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Thread: The Merrick

  1. #1
    David's Avatar
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    The Merrick

    Hi All - I went for a walk the other day, climbing up the path to The Merrick. The Merrick is the highest peak in South West Scotland, but at just over 700 metres it is not exactly an Alp or a Rocky. However, it does have its challenges and I have to confess that I did not make it to the top, primarily because of snow and clouds. Here are some shots.

    The Merrick

    As you can see, I had a nice sunny day for my walk, with this rushing burn to keep me company.

    The Merrick

    The Merrick is now in view, the peak in the centre distance. The one to the left is called Ben Yellary.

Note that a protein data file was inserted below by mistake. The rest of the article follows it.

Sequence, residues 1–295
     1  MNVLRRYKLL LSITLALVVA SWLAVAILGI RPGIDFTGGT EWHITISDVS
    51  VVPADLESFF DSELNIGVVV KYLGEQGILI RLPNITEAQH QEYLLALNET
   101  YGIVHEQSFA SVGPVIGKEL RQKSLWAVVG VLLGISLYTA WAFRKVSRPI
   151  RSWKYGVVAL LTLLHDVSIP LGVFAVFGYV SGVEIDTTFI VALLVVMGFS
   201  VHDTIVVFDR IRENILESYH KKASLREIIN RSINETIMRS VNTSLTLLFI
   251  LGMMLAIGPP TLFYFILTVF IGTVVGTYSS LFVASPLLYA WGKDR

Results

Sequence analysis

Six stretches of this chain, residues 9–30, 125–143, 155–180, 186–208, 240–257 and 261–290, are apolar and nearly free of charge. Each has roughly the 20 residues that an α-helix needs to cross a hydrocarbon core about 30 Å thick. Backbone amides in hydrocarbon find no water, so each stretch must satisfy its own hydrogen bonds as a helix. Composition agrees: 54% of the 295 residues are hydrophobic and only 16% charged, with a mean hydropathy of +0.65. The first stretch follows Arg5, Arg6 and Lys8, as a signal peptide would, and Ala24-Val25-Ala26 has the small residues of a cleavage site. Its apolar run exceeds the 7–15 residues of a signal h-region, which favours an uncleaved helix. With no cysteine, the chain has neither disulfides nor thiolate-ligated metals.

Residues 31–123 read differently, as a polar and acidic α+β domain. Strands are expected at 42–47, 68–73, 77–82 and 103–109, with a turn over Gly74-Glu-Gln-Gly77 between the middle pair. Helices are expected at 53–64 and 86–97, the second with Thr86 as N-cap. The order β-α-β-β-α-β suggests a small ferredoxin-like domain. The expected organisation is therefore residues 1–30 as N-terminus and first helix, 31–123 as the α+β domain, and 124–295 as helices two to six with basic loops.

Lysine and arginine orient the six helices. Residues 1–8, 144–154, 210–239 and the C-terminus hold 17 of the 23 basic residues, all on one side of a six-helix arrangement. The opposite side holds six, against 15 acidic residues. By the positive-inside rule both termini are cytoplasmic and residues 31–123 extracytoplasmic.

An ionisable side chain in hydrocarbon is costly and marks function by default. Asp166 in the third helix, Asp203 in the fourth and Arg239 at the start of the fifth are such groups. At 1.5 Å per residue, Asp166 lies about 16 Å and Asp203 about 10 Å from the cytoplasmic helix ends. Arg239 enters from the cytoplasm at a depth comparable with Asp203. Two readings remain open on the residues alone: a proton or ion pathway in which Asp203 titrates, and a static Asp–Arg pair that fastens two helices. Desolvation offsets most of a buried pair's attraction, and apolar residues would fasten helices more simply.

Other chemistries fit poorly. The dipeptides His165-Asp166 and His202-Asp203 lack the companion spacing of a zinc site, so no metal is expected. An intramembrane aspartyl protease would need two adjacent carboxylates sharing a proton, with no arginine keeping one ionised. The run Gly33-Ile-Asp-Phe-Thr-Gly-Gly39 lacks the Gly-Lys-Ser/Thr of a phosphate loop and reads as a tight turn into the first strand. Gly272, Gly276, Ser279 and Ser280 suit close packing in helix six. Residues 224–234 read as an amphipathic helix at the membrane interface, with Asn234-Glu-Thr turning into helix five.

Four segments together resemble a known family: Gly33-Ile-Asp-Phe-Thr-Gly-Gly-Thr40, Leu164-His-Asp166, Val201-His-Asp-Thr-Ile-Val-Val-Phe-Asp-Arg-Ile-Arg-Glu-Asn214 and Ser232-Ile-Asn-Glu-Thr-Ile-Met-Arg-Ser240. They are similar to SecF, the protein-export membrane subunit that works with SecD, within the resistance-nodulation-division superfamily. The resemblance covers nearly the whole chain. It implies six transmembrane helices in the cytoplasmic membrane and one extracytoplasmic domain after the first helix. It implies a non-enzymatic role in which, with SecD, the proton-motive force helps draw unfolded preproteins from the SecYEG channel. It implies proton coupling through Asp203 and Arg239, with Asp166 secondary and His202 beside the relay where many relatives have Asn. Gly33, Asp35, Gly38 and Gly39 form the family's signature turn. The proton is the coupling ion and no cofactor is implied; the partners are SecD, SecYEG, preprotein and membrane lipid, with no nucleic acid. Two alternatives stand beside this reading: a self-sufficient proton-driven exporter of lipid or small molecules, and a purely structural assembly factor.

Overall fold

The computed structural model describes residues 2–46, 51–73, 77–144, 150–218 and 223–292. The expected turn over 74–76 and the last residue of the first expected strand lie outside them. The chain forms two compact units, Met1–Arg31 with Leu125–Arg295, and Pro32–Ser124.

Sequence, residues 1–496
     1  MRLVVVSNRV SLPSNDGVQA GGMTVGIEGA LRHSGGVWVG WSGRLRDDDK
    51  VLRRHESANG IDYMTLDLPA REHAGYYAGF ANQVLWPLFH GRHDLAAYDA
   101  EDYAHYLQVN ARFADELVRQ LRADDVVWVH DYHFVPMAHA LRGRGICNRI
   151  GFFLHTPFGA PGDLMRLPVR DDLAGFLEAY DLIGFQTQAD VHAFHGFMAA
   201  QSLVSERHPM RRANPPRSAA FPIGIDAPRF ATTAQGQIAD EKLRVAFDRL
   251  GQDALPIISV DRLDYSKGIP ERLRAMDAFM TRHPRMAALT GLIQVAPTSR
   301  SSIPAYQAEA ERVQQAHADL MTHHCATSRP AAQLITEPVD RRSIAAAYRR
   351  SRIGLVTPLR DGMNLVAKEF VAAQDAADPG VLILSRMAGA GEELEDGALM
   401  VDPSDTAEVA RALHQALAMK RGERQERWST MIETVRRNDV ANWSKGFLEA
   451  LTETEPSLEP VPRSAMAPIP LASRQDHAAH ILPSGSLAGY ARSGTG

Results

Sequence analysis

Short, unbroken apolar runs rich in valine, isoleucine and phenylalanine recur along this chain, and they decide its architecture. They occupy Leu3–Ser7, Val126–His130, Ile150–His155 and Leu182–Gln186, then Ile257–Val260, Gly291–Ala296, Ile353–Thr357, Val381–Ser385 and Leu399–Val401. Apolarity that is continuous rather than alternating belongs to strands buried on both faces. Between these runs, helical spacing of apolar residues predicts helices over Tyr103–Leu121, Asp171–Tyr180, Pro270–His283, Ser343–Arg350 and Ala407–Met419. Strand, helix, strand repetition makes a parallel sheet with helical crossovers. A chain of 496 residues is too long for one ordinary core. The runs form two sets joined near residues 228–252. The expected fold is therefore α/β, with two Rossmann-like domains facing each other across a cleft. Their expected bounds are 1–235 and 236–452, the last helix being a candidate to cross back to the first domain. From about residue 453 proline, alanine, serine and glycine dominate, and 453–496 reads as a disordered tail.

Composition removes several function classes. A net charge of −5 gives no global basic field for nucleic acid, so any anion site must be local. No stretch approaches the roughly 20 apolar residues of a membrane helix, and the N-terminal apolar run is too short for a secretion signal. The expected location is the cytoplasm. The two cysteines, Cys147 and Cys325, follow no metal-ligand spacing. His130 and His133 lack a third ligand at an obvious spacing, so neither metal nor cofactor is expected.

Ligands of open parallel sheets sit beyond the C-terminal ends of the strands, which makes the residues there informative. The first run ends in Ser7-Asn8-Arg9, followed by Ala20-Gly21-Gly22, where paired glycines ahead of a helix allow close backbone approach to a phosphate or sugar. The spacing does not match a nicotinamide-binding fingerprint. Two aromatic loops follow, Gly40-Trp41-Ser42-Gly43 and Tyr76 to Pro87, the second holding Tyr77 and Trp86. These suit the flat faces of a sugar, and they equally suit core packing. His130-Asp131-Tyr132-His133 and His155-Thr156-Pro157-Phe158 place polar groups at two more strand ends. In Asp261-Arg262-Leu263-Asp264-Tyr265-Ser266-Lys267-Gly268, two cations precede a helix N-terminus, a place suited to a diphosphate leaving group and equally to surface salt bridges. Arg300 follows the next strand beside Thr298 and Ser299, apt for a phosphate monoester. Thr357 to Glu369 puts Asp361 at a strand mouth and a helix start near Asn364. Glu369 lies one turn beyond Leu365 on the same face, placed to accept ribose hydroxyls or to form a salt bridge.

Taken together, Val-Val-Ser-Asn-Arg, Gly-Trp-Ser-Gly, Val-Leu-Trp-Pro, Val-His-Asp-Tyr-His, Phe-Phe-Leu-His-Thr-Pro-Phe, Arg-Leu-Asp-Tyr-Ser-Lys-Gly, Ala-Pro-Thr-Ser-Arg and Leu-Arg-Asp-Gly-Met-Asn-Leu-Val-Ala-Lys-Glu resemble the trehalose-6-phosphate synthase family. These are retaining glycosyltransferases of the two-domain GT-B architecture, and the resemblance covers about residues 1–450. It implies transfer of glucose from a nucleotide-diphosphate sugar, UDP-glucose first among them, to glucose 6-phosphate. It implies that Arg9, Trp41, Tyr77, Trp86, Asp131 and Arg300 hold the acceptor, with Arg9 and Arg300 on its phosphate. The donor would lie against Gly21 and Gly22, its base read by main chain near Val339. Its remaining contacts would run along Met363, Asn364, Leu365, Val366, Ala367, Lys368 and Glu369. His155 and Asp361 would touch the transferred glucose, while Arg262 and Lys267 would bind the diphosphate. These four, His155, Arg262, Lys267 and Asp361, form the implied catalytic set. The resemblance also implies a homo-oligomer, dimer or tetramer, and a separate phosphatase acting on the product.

The Merrick

    I'm now nearly at the summit of Ben Yellary, looking back over the Glen Trool range. The fence is used to keep the wild haggis out of the lowland heather.

    The Merrick

    Just short of the Ben Yellary summit, the clouds rolled in and the snow started. I would like to say that I saw this shot in my mind's eye, the wall depicting the long weary struggle to get here and the longer more wearisome struggle of the Scots to throw off English domination in the increasing gloom and harshness of an economic winter. But, I can't. It's just a snap. And here's another.

    The Merrick

    Bleak or what? Conditions were by then rather treacherous so I retreated.

    Camera: Canon 40D with 24-205 mm EF lens, plus monopod support. Post-processing via Canon's DPP, and the Gimp.

    Comments and crits are welcome as usual.

    Cheers

    David

  2. #2
    Moderator Donald's Avatar
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    Re: The Merrick

    David